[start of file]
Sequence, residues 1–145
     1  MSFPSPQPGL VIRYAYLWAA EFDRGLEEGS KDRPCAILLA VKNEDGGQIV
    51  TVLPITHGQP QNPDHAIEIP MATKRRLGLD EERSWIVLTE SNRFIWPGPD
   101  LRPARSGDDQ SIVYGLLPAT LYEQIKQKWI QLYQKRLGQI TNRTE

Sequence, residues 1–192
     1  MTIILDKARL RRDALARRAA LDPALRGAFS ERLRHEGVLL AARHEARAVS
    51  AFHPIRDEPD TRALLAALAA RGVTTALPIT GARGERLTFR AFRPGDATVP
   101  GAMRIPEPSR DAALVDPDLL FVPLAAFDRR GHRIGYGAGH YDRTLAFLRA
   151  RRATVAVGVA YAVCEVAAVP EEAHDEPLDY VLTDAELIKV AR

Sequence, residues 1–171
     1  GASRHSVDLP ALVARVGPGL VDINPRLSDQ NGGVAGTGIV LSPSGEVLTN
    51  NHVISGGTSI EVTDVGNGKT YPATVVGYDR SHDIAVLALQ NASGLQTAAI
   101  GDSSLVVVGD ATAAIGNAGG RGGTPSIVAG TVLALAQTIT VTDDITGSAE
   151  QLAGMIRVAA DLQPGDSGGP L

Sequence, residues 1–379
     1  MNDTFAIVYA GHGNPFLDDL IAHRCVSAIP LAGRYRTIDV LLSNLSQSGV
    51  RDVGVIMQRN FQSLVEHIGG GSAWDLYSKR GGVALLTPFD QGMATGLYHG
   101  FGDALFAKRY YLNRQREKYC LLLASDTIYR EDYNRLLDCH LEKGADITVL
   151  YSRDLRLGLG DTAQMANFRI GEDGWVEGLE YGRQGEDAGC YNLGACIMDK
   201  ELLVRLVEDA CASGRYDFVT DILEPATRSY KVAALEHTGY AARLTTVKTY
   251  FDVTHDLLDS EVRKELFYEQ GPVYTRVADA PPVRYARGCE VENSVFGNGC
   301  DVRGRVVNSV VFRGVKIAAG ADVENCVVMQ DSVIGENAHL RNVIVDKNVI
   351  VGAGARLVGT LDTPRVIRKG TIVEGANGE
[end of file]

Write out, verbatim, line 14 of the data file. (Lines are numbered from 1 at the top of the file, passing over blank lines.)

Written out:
   151  QLAGMIRVAA DLQPGDSGGP L